Pulling a “LeBron”: How to Know if it’s Time to Return to a Former Employer

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lbj-cavDespite the validation of two championships and an “innovative coach who highlighted him with his system,” LeBron James recently concluded that it was time to “come home” to Cleveland. LeBron’s decision to return to Cleveland was spurred by an internal, sentimental contemplation that is not often seen in big-money decisions in pro sports. As the recent Sports Illustrated article puts it, “…despite all his success, he means more where he was than where he is.” LeBron’s decision to return to Cleveland may be a choice rooted in the world of sports – but the decision is a professional one nonetheless, and serves as a reminder that it is possible, and not uncommon, to return to a former employer. Knowing when to make that choice takes a great deal of consideration, thought, and it is wise to consider the following elements:

Weigh your priorities – not the priorities of others.

For many, career path decisions will continue to become more and more rooted in personal factors. For LeBron, the decision to return to Cleveland was largely personal. For those considering returning to a former employer, it is not unprofessional nor is it unwise to pay attention to your inner negotiator. Often, making the sentimental or “gut” choice can yield positive results; following your intuition typically aligns with your passion, and when following a job for passion, you are likely to excel.

Go where you can make an impact.

LeBron is returning to Cleveland to work for a coach who “has been in the NBA for less than a month and a roster that has just one player of significance older than 23.” For many, deciding to work somewhere with less notoriety and historical success can be a daunting one; for LeBron, it proved to be a unique opportunity. Moreover, Cleveland hasn’t seen a title in major sports since 1964, and the city itself has gone through economic turmoil for years. For many, this would be enough to choose not to return to an area or job; for Lebron, however, this indicated a call to something bigger. His presence on the team and in the city at large may prove to drive economic growth and, perhaps more important initially, a new type of morale for the entire community. For those considering returning to an old employer, it is wise to consider your impact. Perhaps it extends beyond the job and into the community, and it may be that the most rewarding work you can do is somewhere where you know you are needed.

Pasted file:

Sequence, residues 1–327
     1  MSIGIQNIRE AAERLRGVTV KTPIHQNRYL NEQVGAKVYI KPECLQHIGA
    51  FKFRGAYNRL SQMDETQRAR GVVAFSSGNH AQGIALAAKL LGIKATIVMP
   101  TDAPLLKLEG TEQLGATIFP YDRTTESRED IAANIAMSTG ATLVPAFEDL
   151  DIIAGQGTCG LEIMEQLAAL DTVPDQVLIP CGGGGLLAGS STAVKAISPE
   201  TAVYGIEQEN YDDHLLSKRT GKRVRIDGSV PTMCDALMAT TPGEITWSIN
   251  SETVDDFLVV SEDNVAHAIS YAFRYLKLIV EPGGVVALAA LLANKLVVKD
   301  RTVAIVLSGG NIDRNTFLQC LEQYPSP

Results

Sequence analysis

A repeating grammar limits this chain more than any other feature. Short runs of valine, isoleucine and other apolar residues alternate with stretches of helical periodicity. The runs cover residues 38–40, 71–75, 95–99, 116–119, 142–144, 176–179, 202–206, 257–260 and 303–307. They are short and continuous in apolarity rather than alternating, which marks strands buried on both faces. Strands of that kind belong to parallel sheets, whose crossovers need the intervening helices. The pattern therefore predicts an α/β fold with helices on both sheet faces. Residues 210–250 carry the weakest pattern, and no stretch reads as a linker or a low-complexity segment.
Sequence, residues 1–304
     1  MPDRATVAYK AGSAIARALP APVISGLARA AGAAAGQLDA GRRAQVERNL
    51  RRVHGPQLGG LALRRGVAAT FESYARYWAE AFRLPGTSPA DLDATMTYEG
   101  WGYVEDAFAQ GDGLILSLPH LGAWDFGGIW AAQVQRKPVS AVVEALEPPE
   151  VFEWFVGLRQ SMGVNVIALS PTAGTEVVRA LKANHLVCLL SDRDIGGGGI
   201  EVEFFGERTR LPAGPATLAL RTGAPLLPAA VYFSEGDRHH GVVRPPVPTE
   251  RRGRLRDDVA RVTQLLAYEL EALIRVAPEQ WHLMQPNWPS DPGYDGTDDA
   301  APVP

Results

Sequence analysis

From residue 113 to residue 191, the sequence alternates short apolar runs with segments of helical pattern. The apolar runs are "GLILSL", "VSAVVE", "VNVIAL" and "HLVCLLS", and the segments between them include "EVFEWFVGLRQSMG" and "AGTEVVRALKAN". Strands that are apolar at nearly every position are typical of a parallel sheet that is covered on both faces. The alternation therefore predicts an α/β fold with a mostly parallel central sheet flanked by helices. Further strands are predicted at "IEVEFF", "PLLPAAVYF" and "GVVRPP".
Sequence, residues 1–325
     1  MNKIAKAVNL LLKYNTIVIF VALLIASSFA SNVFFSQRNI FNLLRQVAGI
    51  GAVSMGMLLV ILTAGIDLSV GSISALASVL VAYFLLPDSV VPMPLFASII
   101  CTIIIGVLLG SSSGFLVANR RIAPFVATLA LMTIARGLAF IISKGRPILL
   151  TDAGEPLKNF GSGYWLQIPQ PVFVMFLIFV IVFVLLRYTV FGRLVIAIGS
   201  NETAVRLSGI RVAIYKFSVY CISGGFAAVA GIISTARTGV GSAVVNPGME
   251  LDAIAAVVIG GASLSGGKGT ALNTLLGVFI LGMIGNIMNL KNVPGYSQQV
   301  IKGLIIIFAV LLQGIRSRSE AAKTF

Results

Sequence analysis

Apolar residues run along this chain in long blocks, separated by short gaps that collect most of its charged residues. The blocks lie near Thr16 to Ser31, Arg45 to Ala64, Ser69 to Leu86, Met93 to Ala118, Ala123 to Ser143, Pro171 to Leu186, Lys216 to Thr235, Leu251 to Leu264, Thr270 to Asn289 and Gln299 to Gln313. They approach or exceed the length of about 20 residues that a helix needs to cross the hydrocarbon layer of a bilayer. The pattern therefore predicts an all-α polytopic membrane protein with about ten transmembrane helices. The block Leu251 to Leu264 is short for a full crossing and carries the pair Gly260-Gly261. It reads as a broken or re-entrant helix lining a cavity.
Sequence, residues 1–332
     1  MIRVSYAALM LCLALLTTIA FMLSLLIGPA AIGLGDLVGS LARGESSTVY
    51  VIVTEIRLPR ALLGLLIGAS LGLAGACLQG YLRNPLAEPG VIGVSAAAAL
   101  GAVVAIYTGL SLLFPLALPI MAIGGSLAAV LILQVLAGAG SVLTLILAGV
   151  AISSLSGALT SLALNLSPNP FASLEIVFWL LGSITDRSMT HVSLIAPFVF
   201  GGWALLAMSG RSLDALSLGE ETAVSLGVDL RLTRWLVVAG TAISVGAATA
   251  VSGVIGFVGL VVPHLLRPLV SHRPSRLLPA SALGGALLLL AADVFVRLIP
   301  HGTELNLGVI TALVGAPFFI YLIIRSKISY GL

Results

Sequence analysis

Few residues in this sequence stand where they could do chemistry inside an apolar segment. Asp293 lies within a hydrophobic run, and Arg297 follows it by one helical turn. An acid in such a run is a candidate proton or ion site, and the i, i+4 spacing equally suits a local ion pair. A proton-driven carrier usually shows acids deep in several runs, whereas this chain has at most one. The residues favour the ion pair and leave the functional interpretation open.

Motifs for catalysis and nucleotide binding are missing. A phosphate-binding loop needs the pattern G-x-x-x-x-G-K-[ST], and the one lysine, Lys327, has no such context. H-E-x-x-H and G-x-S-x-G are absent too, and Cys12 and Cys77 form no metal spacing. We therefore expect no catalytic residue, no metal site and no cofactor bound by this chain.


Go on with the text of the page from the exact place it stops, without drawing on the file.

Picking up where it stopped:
Timing is everything.

Analyze your initial decision to leave the job you are considering returning to; it was likely a decision made in part by the allure of learning and experience elsewhere. Like LeBron, who accumulated experience – and success – you may be able to return to an environment that you already understand and apply what you have learned elsewhere. Taking your leadership and newfound skills back to a former employer can prove to be a unique way to make real impact. Consider returning to a former employer when you’ve amassed new skills and knowledge, and be prepared to share your added experience in a way that a brand new employee could not.

Although it isn’t discussed often, it isn’t unheard of to return to a former employer. After all, it’s likely that you’ve formed deep professional relationships there previously. Re-engaging a former network in this way could become a great option when you’d least expect, so when leaving any job, keep in mind that it may be a temporary leave – and continue to foster those relationships even after starting a new path.

About Claire Topalian

Claire Topalian is a writer, non-profit Communications professional, and advocate for diversity in business. She currently leads Communications and the Startup Women initiative at UP Global, an international non-profit that builds startup communities through educational programs and events. You can follow her on Twitter @clairetopalian.

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